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Last Updated Thursday December 03 2020 08:18 PM IST

Ee.Ma.Yau movie review: a paean to death

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Ee. Ma. Yau review: a paean to death 'Ee.Ma.Yau' takes you on a spiritual trip for one hour and 55 minutes.

Master of the mundane Lijo Jose Pellissery’s latest outing Ee.Ma.Yau, meaning RIP in Malayalam, is a requiem on celluloid. Starker than reality, colder than death, the narrative takes the viewer through a gamut of dramatic emotions. It gives you food for thought and reasons to cry, yet is anything but a sordid drama.

It’s a classic, a tale of ordinary folk and their less than ordinary lives. It’s a paean to death, the undertones of which unfold in a coastal village.

The drift of the tale begins from a much-awaited funeral. A lone wolf, Vavachan Asari, the local carpenter, is no more. A man who loved talking to himself, he was something of a phenomenon to his son Eeshi who sets about giving finishing touches to a grand funeral his father would any day have died for.

“Do you remember my father’s funeral?" the old carpenter asked his son one day. Death as the movie’s leitmotif is introduced.

“He was buried to the accompaniment of alavattam, venchamaram (ornamental artefacts), a band and what not. You should have heard the Bishop paying his tribute to appan. It was beautiful… anyone would have loved to die thus.” The son remembers what the old man had ached for… a funeral as grand as his father’s, perhaps, grander. He does not disappoint.

Ee.Ma.Yau takes one on a spiritual trip for one hour and 55 minutes. The cause celebre, of course, is the funeral, but the story is not about a funeral. Therein lies the artistic trick of Lijo Jose Pellissery.

The old man’s death is Pellissery’s springboard from where he dives into diverse contemporary socio-political issues, with razor-sharp wit, satire and punchy dialogues.

Suspense hangs over 'Ee.Ma.Yau' release

As the frames move across, there’s that unmistakable flavor of Latin America typical of Pellissery’s oeuvre. Right from Nayakan, to the much-celebrated Amen and to the classic Angamaly Diaries, it’s a new genre the director has been experimenting with. With Ee.Ma.Yau, he has carried Malayalam cinema to a level beyond the ordinary. The narrative is arresting, unseen in the history of recent cinema, holding viewers in thrall with a heady combination of P.F. Mathews’ magically realistic script and Pellissery’s no-holds-barred direction, as profound, as deep as death.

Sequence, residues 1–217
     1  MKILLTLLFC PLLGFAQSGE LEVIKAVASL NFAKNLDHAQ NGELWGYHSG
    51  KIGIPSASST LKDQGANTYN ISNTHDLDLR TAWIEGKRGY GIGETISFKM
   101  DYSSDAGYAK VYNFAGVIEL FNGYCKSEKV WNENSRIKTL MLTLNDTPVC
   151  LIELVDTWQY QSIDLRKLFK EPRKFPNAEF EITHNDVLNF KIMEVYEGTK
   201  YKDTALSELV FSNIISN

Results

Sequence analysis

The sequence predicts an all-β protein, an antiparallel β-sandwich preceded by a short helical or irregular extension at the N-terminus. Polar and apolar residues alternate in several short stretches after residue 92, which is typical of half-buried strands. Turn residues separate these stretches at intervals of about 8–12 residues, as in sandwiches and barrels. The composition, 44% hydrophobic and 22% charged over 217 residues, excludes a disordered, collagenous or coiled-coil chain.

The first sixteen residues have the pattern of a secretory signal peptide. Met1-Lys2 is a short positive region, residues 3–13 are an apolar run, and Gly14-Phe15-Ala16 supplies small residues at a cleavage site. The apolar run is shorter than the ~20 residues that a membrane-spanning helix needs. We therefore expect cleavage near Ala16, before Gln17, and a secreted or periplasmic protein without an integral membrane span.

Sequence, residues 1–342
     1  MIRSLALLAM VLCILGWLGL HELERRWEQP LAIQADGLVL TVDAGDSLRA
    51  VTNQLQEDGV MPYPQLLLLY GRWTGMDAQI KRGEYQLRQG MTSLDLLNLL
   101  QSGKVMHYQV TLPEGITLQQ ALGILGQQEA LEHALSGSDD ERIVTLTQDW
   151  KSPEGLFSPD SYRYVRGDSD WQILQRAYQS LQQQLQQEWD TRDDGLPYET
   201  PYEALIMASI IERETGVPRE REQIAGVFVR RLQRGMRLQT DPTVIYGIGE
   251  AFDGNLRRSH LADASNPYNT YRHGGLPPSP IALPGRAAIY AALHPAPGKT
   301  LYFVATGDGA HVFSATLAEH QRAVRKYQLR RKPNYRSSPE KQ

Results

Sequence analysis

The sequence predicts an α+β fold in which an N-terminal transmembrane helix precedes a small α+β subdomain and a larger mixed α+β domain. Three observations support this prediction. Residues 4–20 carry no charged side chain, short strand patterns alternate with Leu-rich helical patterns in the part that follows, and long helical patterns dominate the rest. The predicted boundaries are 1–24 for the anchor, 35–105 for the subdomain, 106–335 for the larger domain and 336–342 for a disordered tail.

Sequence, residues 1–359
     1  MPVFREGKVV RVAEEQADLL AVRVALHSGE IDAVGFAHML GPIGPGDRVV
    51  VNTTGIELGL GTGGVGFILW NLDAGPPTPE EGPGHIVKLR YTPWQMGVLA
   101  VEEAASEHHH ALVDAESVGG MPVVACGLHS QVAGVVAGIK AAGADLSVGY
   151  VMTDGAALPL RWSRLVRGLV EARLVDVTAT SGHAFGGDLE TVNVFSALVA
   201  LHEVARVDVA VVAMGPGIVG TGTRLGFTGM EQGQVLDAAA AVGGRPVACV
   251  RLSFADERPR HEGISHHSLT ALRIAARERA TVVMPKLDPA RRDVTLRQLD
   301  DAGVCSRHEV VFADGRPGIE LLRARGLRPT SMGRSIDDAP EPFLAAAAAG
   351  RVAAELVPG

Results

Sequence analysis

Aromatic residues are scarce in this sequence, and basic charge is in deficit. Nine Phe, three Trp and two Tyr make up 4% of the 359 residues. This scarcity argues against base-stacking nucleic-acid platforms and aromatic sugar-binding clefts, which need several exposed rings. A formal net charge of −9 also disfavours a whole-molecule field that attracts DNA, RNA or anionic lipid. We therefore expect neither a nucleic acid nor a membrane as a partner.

To move back, the son wants the grandest funeral for his father, but lacks the wherewithal for it. But he has to keep his promise. The only resource lies in his wife’s tiny gold chain, apparently, what she wore to her wedding. She’s more than willing to hand it over. The funeral ensemble is ready… the coffin, gloves, shoes, socks, flowers and even the band. But his father cannot be laid to rest. It’s from here that the story takes off, stark in reality, raw in emotion, wild in desires and passion. Ee.Ma.Yau is a heady brew of politics, love, loyalty, craftiness, betrayal and pure evil, portrayed by characters who live their roles.

There’s no hero, for everyone is a hero. To say that Chemban Vinod as Eeshi and Vinodan as Ayyappan blaze out in their brilliance would be an understatement. One has to see them on screen to feel the power of their performance, their best, so far. Kainakari Thankaraj, Dileesh Pothan, Pauly Kannamaly and newcomer Arya have come out with stellar performances.

Shyju Khalid’s camera is the true story teller. It catches the deepest emotions of a son whose grief keeps his eyes full. Every frame… of the sea, the sand and the soul is as disturbing as it is arresting. The visuals are haunting, surreal. You would want to stretch out your hands and touch the people, and feel the rain and the wind blowing against your face.

Complementing the movie in its tone and mode is the music by Prashanth Pillai whose silence is as eloquent as his music.

While Deepu Joseph’s excellent editing deserves special mention, sound editing by Ranganath Ravi heightens the effect of the natural setting. Nature itself assumes the stature of a character with the sound of the howling winds, the roaring sea and the pounding rain staying with you much after the denouement.


The happiest man, however, is PF Mathews, who says this is one movie which does justice to the script.

Though there’s the color and smell of death all through, there’s nothing morbid about the reality of death. In its inevitability lies its reality. Where do we go once life ceases to pulsate? Is death another journey? Are we lone travelers? What’s the truth? What’s the myth? Ee.Ma.Yau makes you think of all these and a lot more.

E.Ma.Yau is a truth, as true as the reality of death.

Rating: 4/5

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